There was a lightening of the sky signalling the end of night, but not of nightmares. Sunrise did little to disturb the grey fingers of mist that unfurled over the now silent battlefield.The snow, once white, held a pink tinge not painted by any dawn.
Bodies having bled their life essence to colour their surroundings, lay still, stiffening in the snow. Frank could picture the carnage.
It was the silence that he felt the most. The guns finally quietened; the softly falling snow deadening the sound of footsteps. He was unable to turn his head to see his neighbour, so he lay not knowing if he would die with friend or foe. Not that it mattered. They were all men of honour; young men filled with the adrenaline of youth, enlisting in a wave of patriotism.
Frank chose not to call out to those silent footsteps. He was too wounded to last as a prisoner and he had no desire to feel a bayonet in his chest. He felt no pain although he could recall the machine gun bullets entering his legs. If the enemy found him, there would be pain; If his comrades found him he would be a burden for life. The bayonet would be quicker.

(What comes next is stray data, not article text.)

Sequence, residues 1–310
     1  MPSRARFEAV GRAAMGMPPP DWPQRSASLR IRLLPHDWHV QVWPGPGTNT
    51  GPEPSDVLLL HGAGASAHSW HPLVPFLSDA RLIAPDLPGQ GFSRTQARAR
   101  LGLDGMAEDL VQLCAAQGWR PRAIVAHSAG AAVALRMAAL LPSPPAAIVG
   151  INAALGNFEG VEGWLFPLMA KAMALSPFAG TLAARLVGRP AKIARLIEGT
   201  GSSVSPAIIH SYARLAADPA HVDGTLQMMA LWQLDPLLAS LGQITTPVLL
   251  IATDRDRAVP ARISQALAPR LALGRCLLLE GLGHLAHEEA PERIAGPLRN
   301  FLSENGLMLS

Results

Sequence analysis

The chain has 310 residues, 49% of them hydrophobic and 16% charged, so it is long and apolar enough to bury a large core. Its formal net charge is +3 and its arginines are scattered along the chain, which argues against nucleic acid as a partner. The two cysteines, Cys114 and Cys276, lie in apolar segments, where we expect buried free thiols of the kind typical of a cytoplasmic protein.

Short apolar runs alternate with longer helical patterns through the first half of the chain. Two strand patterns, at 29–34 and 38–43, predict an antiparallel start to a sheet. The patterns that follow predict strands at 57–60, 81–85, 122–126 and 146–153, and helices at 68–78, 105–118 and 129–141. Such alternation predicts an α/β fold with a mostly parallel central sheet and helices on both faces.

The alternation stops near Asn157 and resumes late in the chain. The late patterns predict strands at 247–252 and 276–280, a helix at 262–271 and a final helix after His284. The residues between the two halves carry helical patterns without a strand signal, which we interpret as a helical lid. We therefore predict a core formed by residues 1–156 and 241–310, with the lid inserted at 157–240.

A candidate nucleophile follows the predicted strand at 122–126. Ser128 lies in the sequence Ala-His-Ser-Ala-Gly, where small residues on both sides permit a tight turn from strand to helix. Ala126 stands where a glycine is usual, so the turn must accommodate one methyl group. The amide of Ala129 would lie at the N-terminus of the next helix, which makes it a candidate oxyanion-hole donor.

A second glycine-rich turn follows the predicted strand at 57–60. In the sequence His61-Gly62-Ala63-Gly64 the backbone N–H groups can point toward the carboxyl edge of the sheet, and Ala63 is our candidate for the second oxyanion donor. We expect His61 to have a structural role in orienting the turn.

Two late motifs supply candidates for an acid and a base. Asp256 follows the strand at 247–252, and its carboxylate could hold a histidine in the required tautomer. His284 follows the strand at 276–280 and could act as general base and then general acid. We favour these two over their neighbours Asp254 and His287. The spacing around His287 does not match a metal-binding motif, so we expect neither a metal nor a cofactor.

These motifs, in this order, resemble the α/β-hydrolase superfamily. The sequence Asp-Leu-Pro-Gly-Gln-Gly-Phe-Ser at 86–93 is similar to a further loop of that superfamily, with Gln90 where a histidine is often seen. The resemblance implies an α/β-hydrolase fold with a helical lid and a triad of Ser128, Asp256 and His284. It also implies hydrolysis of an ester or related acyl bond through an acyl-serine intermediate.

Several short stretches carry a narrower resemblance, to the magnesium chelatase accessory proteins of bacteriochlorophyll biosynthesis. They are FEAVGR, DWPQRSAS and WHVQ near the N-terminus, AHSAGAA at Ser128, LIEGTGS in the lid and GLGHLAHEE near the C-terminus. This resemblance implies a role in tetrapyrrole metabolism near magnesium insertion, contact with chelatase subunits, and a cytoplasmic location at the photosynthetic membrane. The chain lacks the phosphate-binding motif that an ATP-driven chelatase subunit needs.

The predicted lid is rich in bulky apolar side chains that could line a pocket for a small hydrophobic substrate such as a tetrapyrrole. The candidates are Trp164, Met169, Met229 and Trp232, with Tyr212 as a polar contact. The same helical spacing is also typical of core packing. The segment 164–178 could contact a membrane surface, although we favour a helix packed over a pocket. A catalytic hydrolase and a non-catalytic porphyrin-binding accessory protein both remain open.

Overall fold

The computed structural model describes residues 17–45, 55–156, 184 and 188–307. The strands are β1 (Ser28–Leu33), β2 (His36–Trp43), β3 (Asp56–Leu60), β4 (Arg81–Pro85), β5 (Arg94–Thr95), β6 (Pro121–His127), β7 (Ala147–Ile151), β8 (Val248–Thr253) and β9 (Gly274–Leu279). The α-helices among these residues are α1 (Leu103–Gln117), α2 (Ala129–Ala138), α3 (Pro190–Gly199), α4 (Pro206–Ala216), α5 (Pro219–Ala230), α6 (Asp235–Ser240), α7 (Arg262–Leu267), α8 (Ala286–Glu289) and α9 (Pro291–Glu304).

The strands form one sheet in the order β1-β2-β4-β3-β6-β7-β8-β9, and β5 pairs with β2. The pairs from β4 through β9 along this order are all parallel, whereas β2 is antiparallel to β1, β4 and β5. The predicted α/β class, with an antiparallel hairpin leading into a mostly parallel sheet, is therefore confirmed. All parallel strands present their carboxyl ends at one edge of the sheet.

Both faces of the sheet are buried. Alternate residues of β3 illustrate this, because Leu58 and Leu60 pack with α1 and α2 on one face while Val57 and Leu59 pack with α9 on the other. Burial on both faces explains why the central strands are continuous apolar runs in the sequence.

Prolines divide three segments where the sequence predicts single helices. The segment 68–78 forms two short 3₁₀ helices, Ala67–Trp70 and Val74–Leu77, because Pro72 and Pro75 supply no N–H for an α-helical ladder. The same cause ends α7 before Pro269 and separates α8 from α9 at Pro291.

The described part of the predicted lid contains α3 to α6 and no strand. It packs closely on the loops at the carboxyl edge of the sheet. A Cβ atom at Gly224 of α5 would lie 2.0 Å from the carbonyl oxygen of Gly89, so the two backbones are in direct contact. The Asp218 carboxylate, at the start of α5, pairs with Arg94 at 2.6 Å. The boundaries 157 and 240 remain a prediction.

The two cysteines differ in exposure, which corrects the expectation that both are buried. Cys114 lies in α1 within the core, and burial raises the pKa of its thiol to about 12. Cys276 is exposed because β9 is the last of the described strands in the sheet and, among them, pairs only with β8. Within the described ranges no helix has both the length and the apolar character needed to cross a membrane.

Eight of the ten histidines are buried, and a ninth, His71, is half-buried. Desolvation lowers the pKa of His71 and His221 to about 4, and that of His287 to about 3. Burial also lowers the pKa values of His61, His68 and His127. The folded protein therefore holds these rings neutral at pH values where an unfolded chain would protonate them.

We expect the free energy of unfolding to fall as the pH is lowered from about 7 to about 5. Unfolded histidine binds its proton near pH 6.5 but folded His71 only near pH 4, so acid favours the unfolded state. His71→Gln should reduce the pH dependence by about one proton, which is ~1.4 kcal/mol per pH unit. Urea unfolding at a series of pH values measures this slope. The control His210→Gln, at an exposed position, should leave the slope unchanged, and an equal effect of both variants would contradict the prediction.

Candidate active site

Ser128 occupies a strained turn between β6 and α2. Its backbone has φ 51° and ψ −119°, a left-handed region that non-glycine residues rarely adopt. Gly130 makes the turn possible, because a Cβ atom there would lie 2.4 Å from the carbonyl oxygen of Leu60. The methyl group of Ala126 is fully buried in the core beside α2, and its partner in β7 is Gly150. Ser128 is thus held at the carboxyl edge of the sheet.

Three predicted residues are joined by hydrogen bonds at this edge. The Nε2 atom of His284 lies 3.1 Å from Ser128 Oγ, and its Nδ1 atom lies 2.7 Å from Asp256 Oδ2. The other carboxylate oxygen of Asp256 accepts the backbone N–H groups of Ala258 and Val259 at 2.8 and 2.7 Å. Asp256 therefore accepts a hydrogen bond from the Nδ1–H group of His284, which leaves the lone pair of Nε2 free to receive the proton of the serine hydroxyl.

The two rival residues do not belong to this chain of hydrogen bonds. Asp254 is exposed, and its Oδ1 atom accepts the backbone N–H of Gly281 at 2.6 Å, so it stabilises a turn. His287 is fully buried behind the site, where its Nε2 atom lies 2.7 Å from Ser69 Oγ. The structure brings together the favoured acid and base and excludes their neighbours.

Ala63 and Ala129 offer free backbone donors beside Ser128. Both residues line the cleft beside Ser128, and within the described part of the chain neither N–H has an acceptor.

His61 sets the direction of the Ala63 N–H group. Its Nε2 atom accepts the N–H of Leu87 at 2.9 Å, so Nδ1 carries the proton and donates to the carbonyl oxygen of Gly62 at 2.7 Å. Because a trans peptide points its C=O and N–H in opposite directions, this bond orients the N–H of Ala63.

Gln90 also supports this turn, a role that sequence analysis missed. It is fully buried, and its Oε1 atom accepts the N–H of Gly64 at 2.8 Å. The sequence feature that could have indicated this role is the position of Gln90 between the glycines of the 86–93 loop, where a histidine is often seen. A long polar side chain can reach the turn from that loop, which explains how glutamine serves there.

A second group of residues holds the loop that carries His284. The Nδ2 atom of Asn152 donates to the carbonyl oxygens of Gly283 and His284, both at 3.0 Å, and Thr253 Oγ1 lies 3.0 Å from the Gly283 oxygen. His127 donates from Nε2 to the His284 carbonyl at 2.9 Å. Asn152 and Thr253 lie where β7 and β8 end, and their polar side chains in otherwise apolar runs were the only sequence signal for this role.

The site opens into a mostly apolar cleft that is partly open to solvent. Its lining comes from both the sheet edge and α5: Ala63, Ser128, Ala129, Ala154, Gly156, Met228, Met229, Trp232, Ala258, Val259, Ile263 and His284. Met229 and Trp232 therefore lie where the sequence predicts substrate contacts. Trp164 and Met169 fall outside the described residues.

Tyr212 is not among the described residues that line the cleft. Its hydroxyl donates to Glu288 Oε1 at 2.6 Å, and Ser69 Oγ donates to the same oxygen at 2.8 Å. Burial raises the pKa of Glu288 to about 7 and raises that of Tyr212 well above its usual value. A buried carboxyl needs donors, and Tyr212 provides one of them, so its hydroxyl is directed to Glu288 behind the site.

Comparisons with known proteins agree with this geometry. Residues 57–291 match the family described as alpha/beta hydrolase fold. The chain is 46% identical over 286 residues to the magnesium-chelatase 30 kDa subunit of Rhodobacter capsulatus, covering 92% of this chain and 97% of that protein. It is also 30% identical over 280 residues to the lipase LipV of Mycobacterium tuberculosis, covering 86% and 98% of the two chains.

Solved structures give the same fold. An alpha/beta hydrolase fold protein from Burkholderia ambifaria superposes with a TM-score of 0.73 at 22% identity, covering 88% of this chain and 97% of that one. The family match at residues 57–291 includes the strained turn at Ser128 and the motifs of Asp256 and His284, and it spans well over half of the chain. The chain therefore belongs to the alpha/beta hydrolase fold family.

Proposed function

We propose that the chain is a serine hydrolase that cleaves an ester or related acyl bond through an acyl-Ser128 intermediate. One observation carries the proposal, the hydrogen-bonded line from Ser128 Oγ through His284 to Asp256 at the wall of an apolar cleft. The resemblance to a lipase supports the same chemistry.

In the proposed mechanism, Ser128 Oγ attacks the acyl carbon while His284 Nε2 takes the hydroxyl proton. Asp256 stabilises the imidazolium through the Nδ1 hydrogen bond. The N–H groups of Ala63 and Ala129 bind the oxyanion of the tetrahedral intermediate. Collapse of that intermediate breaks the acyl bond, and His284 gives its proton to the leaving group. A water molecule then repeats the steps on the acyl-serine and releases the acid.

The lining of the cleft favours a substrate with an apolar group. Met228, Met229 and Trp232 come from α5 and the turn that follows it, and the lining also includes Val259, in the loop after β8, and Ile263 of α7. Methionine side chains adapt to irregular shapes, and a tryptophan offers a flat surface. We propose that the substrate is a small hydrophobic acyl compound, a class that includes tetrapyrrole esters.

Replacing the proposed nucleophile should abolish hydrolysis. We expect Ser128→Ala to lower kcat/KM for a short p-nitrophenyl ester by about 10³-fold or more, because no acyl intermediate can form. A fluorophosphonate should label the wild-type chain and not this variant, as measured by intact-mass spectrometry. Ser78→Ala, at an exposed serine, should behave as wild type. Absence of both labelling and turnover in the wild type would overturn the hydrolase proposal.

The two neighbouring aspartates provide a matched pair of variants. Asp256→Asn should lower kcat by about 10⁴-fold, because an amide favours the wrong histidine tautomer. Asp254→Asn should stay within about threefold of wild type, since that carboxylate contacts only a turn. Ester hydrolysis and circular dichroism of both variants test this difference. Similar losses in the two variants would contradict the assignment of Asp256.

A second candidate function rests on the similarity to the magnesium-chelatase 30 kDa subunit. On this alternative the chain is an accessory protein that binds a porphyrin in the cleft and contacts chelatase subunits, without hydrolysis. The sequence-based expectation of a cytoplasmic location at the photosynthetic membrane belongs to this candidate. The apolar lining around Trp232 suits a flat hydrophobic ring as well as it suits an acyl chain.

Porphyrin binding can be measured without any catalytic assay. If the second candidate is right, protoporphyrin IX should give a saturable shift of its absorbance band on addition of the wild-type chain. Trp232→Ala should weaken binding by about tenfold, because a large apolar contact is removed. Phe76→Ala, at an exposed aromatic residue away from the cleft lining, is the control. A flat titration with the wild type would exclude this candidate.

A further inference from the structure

His hand inched towards a vestige of warmth; whoever lay beside him was not yet dead. Fingers locked and lay still. Perhaps it was an enemy who would share his final moments. Visions of two bicycle riders struggling through bombed out streets, to deliver death notices floated through his mind. Would their parents open the telegrams with stoicism, having expected the news each day since they had enlisted, or would grief and despair rise from both sides of the channel? He wished he could tell them that their sons weren’t alone at the end. That they had comforted each other.
The stranger’s fingers relaxed their grip, the absence of warmth leaving Frank bereft. He closed his eyes against the pink glow. Images of childhood and the touch of a stranger were enough to lead him gently to the other side.